After I posted the above a Village Voice writer responded:I responded:Hey maybe Writers Of Their Generations should learn a little bit about metaphor before critiquing semantics.Just a thought.I’m not sure what you feel I should learn about metaphor. You’re not being direct. If I made a mistake just tell me what it is and I’ll fix it and think/say something like “thank you, I didn’t know that.” I would appreciate learning something and would definitely want to fix my mistake so that no one would be negatively affected by the possible misinformation of it.
I feel annoyed by you, being indirect like this. The message of your indirectness is that you want to argue with me or make me feel stupid or some other hierarchy-oriented thing that I feel like you would probably agree you would rather not engage in if it’s not necessary. I just had an image of, like, a 9-year-old making another 9-year-old feel bad for not knowing the definition of a word or having mis-used a phrase or something.
There’s also the chance that you (like, I feel, the person above) simply didn’t actually think before typing and so wouldn’t have been able to directly inform me of my mistake even if you wanted to (if, for example, we were close friends or working together on some kind of team) because you don’t know what it is.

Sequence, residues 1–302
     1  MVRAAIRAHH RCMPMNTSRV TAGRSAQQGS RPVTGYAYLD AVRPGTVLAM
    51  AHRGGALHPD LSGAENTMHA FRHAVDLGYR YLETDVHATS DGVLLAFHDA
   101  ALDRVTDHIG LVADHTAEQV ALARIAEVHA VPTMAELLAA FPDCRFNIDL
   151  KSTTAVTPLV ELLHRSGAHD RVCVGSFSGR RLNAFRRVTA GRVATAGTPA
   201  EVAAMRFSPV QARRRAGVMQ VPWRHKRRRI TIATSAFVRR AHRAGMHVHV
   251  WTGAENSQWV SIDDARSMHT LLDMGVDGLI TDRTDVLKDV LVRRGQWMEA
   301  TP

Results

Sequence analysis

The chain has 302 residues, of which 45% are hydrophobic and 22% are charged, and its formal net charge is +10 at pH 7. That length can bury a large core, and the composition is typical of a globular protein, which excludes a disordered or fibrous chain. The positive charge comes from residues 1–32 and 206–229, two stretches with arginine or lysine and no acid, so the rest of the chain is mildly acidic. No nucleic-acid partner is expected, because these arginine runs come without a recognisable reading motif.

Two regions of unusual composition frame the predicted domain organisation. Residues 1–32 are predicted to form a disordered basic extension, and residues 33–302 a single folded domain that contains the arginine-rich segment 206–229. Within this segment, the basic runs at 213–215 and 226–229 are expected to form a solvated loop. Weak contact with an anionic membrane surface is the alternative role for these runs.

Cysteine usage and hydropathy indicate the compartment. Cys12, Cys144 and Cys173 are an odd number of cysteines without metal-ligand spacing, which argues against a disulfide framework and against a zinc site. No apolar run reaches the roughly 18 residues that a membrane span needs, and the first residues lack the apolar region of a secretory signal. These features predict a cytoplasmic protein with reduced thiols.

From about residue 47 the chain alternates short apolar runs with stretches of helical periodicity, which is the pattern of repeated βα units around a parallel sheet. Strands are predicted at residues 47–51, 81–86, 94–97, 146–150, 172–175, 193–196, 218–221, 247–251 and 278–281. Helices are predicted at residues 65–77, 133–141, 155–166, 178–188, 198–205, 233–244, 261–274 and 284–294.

If you’re talking about my thoughts about this sentence by the other person—It is in this peculiar and upturned universe that you will experience Tao Lin congratulating the honesty in your misuse of “laid.”—then I’m not sure what I should learn. I simply didn’t view any of the words in that sentence except “upturned” as figurative or non-literal. I discerned the sentence (in the context it was in, on a Tumblr of a working journalist, within a paragraph that I discerned immediately and strongly to earnestly have a message, to be rhetorical and not poetic or lyrical or allegorical or a parody, in my view) as a sentence that would be defaultedly viewed by most people as literal and factual. People reading that sentence automatically, I felt, believe I earnestly congratulated someone somewhere on the internet for their “honesty” due to them mis-using “laid.”
That’s what I felt, based on what I knew, and that’s what I stated was factually incorrect and part of what seemed annoying to me about his post.
- Kate Zambreno re “Adrien Brody” (republished at Thought Catalog)
- Roxane Gay re “Adrien Brody”
- Jamie Peck re “Adrien Brody”
- Emily Gould re “Adrien Brody” (29 Nov, pre-“shit-storm”)
- “Christmas with Marie Calloway”
- Caitlin Colford re “Adrien Brody”
- The Well-Read Wife re “Adrien Brody”
- Stephen Elliott re “Adrien Brody” (also Marie Calloway Roundup)
- The Rumpus Interview w/ Marie Calloway
A funny thing happened to the First Amendment on its way to the public forum. According to the Supreme Court, money is now speech and corporations are now people. But when real people without money assemble to express their dissatisfaction with the political consequences of this, they’re treated…